Potter spins in vain for Staffordshire

Cricket: NatWest Trophy
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The Independent Online
MICHAEL AUSTIN

reports from Stone

Kent 349-8 Staffordshire 258-6 Kent win by 91 runs

These NatWest Trophy contests in such pastoral and sun-lit settings revolve around the butcher, baker and candlestick maker confronting the hardened pros. Among them, Neil Taylor made a competition-best of 86 and Graham Cowdrey, another, of 65 on his 31st birthday.

This one still revolved around the Potter's Wheel. Laurie Potter, formerly of Kent and Leicestershire, turned full circle with an innings of 105 not out and the man of the match award against his first county.

Kent ultimately used nine bowlers but this scarcely devalued his performance. Potter also took the Gold Award when playing for the Minor Counties against Leicestershire, his second club, in the Benson and Hedges Cup earlier this season. His latest riposte was a triumph for tenacity as the Minor Counties champions in three successive years from 1991 onwards provided realistic opposition in a game spanning the full 120 overs.

The relative 10-over scores were Kent 20 for 0, Staffordshire 60 for 1, yet sustaining that impetus was beyond the part-timers. Mark Humphries and Potter shared a second half-century partnership following a more ebullient one between Steve Dean and David Cartledge in a valiant but lost cause. Dean and Cartledge, the long-established and best opening pair in Minor Counties cricket, had plundered 57 from nine overs.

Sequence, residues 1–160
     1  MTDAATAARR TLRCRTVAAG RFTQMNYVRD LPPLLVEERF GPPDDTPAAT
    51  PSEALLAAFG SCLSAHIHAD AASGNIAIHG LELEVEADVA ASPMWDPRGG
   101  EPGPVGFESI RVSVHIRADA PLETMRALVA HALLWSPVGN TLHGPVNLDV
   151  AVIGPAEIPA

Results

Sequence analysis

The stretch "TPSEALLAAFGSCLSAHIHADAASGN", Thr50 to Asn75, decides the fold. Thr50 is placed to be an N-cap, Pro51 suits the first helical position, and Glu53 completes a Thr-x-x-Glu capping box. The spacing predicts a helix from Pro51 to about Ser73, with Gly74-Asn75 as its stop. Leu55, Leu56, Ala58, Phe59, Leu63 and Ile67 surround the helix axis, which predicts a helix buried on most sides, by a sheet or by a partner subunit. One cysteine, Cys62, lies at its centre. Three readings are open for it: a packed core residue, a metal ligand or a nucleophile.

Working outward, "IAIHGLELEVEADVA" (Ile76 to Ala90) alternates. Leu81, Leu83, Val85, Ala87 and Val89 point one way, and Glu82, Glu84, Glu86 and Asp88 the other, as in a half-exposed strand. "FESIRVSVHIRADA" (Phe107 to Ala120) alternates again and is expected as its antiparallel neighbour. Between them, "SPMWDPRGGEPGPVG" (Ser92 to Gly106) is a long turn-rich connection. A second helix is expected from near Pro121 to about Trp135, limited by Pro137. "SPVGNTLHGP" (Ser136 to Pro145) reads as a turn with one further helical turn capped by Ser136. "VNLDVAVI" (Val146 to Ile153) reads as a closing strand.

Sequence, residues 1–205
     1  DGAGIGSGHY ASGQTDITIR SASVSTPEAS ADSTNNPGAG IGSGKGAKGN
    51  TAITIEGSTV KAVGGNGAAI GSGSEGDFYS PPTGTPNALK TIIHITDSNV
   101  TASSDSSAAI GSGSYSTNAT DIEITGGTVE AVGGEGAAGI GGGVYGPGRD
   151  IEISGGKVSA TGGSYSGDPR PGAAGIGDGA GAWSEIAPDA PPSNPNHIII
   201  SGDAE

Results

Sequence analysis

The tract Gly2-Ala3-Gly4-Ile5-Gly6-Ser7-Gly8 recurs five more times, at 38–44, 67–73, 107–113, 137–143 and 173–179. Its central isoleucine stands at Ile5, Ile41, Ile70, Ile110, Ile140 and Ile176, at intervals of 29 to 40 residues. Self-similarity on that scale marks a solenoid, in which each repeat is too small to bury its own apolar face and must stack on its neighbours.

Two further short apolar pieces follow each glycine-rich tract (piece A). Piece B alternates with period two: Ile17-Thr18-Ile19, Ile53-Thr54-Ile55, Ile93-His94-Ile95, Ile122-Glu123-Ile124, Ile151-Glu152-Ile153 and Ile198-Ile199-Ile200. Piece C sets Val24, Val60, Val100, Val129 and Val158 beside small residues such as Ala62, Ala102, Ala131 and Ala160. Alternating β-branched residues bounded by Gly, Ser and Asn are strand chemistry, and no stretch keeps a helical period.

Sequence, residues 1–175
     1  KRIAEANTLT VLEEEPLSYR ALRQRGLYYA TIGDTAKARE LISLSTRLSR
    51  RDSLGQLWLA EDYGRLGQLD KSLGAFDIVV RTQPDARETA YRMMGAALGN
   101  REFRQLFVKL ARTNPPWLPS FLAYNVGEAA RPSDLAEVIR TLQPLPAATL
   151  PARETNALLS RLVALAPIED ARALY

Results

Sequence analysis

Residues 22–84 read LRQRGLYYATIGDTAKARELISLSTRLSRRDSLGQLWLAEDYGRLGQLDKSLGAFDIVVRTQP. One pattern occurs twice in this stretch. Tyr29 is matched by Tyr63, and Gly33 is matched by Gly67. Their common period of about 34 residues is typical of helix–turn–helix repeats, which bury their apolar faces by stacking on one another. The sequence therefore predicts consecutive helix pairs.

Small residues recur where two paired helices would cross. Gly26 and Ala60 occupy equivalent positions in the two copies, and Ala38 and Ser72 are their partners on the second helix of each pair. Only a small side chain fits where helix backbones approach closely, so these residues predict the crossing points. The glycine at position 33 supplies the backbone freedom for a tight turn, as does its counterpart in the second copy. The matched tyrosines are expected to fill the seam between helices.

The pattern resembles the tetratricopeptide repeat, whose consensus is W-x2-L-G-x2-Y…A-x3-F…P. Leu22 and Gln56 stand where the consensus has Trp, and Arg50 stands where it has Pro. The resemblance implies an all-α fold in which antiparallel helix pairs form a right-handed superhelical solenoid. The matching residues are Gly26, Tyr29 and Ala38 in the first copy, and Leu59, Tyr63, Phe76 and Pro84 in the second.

They mauled Martin McCague and Alan Igglesden, the former England quick bowlers, adding their influence to a memorable Staffordshire week following Dominic Cork's remarkable debut for England. Born in Newcastle- under-Lyme, Cork played for his native county in 1989 and 1990.

Kent struck 14 sixes and their briefest, brightest strokeplay brought symmetrical innings. De Silva, McCague and Fleming each faced 11 balls with scores of 24, 31 not out and 35. Fleming hit five fours and two sixes before being caught at the wicket off a reverse sweep.

Peter Ridgway dismissed him in a bowling return of 4 for 62. Ridgway, a 22-year-old BSc graduate, had begun by taking David Fulton's wicket with his fourth ball and Mark Ealham's with the first delivery of his second spell. It was quite a day for the Potter's Union.

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